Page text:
There are other unworn cloths intermingling with others, I seem to bypass them. They are like glitches in a computer program, you can’t explain their presence but you accept their existence as error in human coding. Weaknesses rearing their polished smart wry faces to mock you.

THE UNDERWEARS:

(laughs loud) they never betray you. It collects, like flowing streams, cringes of your leftover shit from your arse, the condensed and sweat convoluted hairs of your pubic region, the sad sag or stretch mark caused by nights of bulging erection or soft and dense sad look of years of imprisonment spent clogged to the crease of your vagina, like plastic Eva bottles torched with hot water. They ironically bear the true stench of the being who wears them, the punch marks of someone held back by himself and society, sagged by frustrations of not knowing which cloth truly is his best.

Now just wonder… that an occasion crept out of its jar. Just imagine that Monday jumped into Saturday or Friday jumped into Sunday. That instead of going to church on Sunday you went to club. While the Lord would be in the altar waiting for your soul and offering. You end up in a club. Exchanging your offering with booze, with a night stand and wraps of condom.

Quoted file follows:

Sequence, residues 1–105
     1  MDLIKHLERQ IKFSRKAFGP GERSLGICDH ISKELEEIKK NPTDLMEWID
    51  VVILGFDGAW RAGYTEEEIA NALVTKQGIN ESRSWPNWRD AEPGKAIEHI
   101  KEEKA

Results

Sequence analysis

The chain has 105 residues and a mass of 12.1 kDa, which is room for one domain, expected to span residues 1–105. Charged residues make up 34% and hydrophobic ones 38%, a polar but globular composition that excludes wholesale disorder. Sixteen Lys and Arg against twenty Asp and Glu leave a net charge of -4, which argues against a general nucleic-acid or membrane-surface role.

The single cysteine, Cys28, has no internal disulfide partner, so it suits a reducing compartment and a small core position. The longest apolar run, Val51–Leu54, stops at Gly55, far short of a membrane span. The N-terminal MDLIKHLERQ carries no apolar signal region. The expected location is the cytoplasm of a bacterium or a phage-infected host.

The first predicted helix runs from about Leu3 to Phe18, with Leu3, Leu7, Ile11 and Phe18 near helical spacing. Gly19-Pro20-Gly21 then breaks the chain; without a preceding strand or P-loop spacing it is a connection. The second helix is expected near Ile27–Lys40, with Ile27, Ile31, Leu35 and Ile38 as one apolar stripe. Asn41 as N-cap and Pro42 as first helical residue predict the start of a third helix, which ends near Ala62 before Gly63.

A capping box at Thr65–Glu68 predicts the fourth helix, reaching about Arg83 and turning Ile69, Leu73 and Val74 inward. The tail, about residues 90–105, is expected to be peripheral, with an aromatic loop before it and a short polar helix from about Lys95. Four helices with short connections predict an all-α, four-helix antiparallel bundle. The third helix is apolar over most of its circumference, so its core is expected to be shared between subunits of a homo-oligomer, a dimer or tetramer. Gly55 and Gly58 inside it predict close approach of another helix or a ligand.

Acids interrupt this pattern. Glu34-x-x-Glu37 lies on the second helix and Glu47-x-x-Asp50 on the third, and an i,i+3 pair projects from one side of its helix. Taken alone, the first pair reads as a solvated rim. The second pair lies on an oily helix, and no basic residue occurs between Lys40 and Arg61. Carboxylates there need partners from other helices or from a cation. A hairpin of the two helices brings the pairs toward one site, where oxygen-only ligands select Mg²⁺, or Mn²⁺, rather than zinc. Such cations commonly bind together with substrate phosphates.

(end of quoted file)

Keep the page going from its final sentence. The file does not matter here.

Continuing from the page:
Well this happened. Pick up your mind from the tray you left it, try and discern, imagine, don’t judge yet, just wait, hear the last of the story. Never judge a wine when you haven’t had the last drop. All its flavor could be locked in that tiny drop, the one that gathers, pricking the bottles as it descends to your mouth.

SO, we traveled to Village on the 23rd, Sunday to celebrate Christmas. I wore my Senator, you still remember him? Good. It was night when we got to our village, it was a last minute travel. I had forgotten my charger. On the 24th morning I went out to get a charger. My village is not a village so to say, but a town, with tarred road, with kiosks, pharmacy, schools and steady light. As I walked down the street, I wasn’t surprised to find a Nokia phone and accessories shop and there I met her. Or she met me. We smiled and cracked jokes. About how my village has lost the status of a village. About her not traveling to her own village because her Ex would wear the feared Ohuofia masquerade nicknamed Idi Amin and he was out for her. We exchanged numbers and we talked into the night, we kept vigil together. We talked about things that should’ve stretched into a third date all in a night.